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Ari Karen

Ari Karen

Attorney

Ari Karen, an attorney at Offit Kurman, has counseled several mortgage banks and financial services firms on the development and implementation of policies and procedures related to allowing institutions to remain compliant with wage hour laws. He counsels clients in proactive and practical means of compliance with technical wage-hour laws and other labor and employment regulations. His litigation expertise includes unfair competition, fiduciary breach, partnership disputes, worker misclassification and minimum wage and overtime claims in all state and federal trial and appellate courts. He has spoken at several industry conferences.

All Ari Karen's Stories
Mortgage lenders afraid to enter into any kind of marketing services agreement should look not to what the Consumer Financial Protection Bureau has laid as guidance, but what it has left unsaid.
The new presidential administration has signaled its aim is to pass legislation altering the Consumer Financial Protection Bureau's governing and funding structures, rather than do away with it altogether.
If the U.S. Court of Appeals for the District of Columbia rules on party lines, the current structure of the Consumer Financial Protection Bureau will remain intact.
A district court in Texas has filed an injunction against last year's Department of Labor ruling on loan officer compensation but lenders should hold themselves to that standard as basic compliance regardless of the outcome.
Even with Republicans controlling both Congress and the White House, it's highly unlikely the Consumer Financial Protection Bureau will be completely eliminated. However, under the new presidential administration's oversight, many of its more aggressive policies will likely change.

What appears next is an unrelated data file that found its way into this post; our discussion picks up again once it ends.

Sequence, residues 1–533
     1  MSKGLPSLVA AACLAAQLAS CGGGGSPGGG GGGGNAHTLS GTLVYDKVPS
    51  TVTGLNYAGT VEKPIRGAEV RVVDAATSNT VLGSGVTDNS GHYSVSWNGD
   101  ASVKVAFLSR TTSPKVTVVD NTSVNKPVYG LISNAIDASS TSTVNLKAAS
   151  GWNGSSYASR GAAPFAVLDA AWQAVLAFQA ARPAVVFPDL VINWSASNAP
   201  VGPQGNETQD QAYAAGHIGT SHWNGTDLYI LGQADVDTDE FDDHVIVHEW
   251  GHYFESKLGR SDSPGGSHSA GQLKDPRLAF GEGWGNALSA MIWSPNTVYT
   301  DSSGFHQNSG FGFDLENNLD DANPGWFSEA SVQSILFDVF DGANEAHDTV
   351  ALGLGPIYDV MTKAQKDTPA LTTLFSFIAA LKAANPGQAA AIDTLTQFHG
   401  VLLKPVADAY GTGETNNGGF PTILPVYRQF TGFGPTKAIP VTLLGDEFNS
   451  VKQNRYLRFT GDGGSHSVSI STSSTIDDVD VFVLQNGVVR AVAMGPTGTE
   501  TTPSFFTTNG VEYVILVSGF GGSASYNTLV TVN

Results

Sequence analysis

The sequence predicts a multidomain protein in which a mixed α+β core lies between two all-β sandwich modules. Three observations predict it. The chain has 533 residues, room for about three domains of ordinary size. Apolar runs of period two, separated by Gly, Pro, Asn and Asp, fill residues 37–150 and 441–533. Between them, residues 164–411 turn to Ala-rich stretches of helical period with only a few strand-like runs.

Lenders asking whether bank loans are safe are missing the point and should instead be more concerned with the standard they apply when underwriting them.
The Consumer Financial Protection Bureau can determine nearly anything to be an unfair, deceptive or abusive act or practice, and it's more likely to do so when lenders try to take advantage of regulatory loopholes.
Regulatory in-fighting over bond loans offered by down payment assistance programs has the potential to curtail lending to first-time buyers and do real damage to homeownership.
Enforcement actions by the Consumer Financial Protection Bureau against companies are well-known, but compliance starts with individuals.
Lenders that sell both forward and reverse mortgages must carefully consider how their products are offered to older borrowers to avoid confusion that could lead to accusations of financial abuse.
As the war for talent heats up and lenders face tougher decisions in recruiting and hiring loan officers, the need to deploy certain tactics might seem appealing, but will ultimately create more problems than they are worth.
No-action letters from the Consumer Financial Protection Bureau can be an essential tool for lenders in striving to the mortgage process more consumer-friendly through inventive products and service but lenders must seek them out.
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